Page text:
1. Limited time only! Sign up for a free 30min personal tutor trial with Chegg Tutors
    Dismiss Notice
Dismiss Notice
Join Physics Forums Today!
The friendliest, high quality science and math community on the planet! Everyone who loves science is here!

Homework Help: Perpendicular Forces, Acceleration and Mass Problem

  1. Feb 1, 2007 #1
    1. The problem statement, all variables and given/known data

    Two perpendicular forces, one of 45.0 N directed upward and the second of 60.0 N directed to the right, act simultaneously on an object with a mass of 35.0 kg. What is the magnitude of the resultant acceleration of the object?

    A. 8.68 m/s^2
    B. 3.00 m/s^2
    C. 5.25 m/s^2
    D. 1.41 m/s^2

    2. Relevant equations

    F = ma to a = F/m

    3. The attempt at a solution

    a = F/35.0 kg

    I simply don't understand what to do with the two forces? Should I draw a diagram? Please help me!
  2. jcsd
  3. Feb 1, 2007 #2


    User Avatar
    Staff Emeritus
    Science Advisor

    The acceleration on the particle will be due to the resultant force. How can you calculate the resultant of the two forces? Draw a diagram-- it may help you.
  4. Feb 1, 2007 #3
    Would I use the Pythagorean Theorem?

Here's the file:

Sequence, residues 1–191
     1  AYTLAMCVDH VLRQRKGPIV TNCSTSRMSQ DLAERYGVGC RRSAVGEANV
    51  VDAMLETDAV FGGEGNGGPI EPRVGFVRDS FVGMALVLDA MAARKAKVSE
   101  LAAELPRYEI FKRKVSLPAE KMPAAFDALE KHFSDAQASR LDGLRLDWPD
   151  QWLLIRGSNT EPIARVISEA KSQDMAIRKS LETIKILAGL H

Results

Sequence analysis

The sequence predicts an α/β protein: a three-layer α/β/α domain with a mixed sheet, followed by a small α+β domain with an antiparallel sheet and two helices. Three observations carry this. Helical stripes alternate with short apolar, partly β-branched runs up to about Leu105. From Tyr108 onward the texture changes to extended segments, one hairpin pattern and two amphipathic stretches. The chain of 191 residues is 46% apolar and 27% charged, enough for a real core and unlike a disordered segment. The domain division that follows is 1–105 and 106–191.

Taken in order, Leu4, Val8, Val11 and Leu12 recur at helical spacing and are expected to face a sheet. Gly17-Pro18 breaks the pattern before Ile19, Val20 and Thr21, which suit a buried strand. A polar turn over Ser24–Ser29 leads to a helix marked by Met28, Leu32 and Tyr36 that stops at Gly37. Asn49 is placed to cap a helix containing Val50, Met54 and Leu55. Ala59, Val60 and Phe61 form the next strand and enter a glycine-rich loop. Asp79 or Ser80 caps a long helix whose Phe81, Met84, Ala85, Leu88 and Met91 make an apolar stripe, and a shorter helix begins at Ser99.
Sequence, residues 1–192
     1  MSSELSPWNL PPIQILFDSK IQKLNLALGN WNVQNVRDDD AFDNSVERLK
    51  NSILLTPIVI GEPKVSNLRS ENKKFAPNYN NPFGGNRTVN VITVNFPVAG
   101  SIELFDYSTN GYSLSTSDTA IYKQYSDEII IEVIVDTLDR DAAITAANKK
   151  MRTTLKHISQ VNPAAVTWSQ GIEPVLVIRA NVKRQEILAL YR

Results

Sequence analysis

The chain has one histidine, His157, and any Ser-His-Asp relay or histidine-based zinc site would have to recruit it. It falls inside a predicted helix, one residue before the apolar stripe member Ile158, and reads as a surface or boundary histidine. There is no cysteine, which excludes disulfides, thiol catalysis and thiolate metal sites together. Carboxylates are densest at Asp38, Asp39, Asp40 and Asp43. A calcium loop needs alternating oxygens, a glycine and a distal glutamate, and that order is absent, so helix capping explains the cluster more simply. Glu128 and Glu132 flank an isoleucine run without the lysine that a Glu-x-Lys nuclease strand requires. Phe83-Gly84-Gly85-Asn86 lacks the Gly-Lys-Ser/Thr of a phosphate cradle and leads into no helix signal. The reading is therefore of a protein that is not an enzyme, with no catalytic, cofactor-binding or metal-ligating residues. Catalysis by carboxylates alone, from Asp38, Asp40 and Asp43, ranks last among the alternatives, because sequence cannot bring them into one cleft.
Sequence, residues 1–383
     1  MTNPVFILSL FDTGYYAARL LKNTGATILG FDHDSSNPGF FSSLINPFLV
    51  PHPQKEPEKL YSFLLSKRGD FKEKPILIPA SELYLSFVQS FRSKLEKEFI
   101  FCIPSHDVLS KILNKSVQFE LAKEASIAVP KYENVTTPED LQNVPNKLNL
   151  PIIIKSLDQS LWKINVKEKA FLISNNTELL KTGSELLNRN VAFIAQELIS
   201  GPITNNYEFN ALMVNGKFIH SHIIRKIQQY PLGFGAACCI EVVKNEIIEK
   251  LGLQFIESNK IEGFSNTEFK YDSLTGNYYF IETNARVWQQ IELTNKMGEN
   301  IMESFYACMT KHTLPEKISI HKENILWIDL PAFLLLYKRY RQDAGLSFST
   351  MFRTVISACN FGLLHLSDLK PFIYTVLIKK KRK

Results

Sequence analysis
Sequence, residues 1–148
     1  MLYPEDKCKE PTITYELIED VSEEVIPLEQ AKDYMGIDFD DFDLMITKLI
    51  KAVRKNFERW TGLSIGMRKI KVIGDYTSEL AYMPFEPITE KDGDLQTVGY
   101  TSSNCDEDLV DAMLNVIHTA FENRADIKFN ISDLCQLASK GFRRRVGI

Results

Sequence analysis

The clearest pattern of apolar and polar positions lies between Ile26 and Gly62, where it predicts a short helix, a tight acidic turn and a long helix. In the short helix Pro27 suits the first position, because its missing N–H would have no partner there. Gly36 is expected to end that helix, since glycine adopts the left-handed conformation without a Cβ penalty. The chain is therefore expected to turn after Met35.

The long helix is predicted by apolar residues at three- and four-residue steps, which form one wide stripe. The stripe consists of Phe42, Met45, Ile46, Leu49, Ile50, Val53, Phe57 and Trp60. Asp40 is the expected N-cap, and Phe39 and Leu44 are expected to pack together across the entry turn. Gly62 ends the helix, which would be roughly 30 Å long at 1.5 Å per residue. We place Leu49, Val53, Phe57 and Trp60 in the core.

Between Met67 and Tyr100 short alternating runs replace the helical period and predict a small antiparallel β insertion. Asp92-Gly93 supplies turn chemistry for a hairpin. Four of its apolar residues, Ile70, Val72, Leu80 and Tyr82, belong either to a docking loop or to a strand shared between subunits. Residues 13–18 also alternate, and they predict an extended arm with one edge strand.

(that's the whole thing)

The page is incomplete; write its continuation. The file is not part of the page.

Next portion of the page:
I did (45.0)^2 + (60.0)^2 = c^2
    c = 87.46 N

    I plugged that into a = 87.46 N/35.0 kg, and got an incorrect answer.

    What did I do wrong?
  5. Feb 1, 2007 #4


    User Avatar
    Staff Emeritus
    Science Advisor

    Your calculation for c is wrong. Try checking it again.
  6. Feb 1, 2007 #5
    Sorry, c is 75 Newtons.

    a = 75 N/35.0 kg
    a = 2.14 m/s^2

    Am I missing a step?

    (Thanks for helping me so far)
  7. Feb 1, 2007 #6


    User Avatar
    Staff Emeritus
    Science Advisor

    Well, that's the answer I get. Either we're both overlooking something, or there's a typo in the question (I'd say that the latter was more likely!) Are you sure you wrote down the question and answers correctly (is there a possibility that the mass is 25kg?)
  8. Feb 1, 2007 #7
    I checked and that is the problem. Hmm. Well, thank you for helping me! :)
Share this great discussion with others via Reddit, Google+, Twitter, or Facebook